* Appropriate steps - including interviewing witnesses and the accused - for investigating allegations. Complainants and any others who may be interviewed in an internal investigation must be assured that any information they give will be kept confidential and that no retaliation will result.

* Affirmation that any such investigation will end in a confirmed/not confirmed finding and that appropriate disciplinary action will be taken.

However, Mr. Weinstein strongly cautioned against laying down a specific disciplinary schedule (e.g., the first dirty joke gets a verbal warning, the second gets a written warning, etc.)

Training Needed, Too

A policy against sexual harassment cannot by itself shield a bank from sexual harassment charges. Training is the real key, said Mr. Payson. And there's a lot to learn.

First, bank employees must be taught the difference between the two general categories of sexual harassment: quid pro quo, in which sexual favors are made to seem a condition of employment, and hostile environment, which EEOC guidelines define as "conduct which has the purpose or effect of interfering with an individual's work performance or creating an intimidating, hostile, or offensive working environment."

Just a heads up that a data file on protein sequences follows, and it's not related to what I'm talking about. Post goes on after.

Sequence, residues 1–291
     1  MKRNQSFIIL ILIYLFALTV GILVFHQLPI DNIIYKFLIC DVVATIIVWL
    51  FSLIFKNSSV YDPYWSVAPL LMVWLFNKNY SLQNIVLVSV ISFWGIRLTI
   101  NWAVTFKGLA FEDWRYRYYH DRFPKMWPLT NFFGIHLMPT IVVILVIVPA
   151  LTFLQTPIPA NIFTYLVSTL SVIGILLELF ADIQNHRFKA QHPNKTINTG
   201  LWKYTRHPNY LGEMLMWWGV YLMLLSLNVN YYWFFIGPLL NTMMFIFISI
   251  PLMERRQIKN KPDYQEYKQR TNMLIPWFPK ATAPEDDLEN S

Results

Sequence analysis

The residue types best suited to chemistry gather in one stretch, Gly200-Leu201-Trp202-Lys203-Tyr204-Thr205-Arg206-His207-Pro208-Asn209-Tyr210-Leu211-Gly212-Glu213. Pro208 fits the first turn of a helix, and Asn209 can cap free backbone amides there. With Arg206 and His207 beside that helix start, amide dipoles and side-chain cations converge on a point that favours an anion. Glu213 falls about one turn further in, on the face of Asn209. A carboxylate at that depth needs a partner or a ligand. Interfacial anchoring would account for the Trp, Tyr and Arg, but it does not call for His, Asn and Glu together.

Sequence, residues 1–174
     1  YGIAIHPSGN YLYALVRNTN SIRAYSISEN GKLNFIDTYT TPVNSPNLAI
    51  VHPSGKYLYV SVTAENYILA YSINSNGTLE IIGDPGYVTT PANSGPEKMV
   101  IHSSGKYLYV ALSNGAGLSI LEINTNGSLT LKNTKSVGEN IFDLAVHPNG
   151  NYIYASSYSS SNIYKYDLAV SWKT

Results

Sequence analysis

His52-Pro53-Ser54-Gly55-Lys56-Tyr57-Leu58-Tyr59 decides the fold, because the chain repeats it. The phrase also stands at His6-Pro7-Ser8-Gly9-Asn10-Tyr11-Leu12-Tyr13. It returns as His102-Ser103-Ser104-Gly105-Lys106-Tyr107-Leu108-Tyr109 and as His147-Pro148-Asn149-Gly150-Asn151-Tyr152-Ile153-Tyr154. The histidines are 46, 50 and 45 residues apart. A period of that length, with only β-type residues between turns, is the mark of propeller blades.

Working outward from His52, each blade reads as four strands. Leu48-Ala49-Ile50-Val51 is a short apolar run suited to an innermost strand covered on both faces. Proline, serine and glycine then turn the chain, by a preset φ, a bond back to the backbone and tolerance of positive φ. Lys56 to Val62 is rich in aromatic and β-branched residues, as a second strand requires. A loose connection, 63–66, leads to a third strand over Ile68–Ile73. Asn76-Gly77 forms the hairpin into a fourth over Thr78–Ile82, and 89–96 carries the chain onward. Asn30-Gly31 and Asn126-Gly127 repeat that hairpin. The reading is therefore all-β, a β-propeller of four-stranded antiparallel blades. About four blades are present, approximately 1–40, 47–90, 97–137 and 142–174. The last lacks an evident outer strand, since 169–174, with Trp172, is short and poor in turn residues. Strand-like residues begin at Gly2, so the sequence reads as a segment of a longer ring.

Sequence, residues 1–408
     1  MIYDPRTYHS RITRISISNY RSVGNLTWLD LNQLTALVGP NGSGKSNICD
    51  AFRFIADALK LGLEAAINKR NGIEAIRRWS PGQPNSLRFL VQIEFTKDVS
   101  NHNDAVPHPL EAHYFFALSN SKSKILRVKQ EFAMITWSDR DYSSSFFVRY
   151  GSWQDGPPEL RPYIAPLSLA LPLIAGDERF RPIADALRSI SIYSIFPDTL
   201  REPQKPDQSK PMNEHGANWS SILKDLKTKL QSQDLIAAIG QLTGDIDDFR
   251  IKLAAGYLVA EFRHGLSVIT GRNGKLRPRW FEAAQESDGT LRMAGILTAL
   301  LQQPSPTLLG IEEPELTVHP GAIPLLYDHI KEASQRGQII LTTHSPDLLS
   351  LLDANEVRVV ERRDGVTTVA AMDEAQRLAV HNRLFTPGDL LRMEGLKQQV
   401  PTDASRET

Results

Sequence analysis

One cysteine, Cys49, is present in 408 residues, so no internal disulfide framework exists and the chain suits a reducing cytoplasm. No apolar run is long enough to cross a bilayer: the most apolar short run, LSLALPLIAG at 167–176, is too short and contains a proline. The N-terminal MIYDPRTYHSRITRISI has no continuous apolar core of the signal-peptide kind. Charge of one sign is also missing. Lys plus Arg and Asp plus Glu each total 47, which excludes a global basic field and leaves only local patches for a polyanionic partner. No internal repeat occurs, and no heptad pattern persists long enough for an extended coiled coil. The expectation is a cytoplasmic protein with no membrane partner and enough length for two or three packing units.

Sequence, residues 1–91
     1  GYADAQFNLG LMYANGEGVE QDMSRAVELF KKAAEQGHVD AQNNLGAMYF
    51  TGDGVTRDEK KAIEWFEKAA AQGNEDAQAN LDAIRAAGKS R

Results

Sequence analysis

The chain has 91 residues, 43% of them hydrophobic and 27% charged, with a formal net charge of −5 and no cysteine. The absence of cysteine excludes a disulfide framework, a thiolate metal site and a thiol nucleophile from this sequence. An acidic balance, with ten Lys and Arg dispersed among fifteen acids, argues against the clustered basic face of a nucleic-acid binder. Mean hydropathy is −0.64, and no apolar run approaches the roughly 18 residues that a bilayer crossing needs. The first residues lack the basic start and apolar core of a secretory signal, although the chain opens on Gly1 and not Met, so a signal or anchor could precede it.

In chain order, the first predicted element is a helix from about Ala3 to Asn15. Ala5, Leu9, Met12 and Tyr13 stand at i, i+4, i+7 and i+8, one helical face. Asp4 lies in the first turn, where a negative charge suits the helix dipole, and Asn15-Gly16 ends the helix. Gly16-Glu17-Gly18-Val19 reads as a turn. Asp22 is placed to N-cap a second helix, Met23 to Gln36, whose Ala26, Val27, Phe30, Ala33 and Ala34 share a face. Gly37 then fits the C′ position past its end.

Bank managers must also learn the importance of the word "unwelcome."

What's |Unwelcome'?

There are times when it is difficult to define that word in the context of sexual harassment allegations, said Mr. Weinstein. "There mere fact that a guy tells a dirty joke is not sexual harassment, unless that conduct is unwelcome," he said.

Employees should be encouraged to speak out when some specific type of conduct is unwelcome.

There can be no question in such cases that management is aware of the situation and should act according to the guidelines established in the company's official policy.

Men, Too, Are Often Harassment Victims

While young, single, well-educated women are the most frequent targets of sexual harassment in the workplace, as many as 15% of sexual harassment allegations are made by men, according to Martin Payson of the New York law firm of Jackson, Lewis, Schnitzler & Krupman.